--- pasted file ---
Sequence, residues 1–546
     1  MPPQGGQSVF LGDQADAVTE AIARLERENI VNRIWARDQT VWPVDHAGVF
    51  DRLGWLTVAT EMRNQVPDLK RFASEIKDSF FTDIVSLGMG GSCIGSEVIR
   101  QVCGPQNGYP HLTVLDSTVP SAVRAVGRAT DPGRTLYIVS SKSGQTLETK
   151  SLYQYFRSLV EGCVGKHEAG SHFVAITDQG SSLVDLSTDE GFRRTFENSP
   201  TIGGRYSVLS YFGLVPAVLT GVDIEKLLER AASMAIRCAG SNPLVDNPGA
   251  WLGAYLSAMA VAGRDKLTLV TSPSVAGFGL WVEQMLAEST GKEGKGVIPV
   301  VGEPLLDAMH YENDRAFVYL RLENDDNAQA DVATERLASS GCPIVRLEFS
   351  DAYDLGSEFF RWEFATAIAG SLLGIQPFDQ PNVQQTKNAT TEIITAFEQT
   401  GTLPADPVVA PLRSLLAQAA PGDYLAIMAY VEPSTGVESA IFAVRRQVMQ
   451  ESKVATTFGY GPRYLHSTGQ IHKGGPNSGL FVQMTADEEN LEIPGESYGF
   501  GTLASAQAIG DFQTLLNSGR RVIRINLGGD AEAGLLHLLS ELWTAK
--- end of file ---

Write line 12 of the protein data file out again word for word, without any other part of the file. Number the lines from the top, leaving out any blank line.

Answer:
   501  GTLASAQAIG DFQTLLNSGR RVIRINLGGD AEAGLLHLLS ELWTAK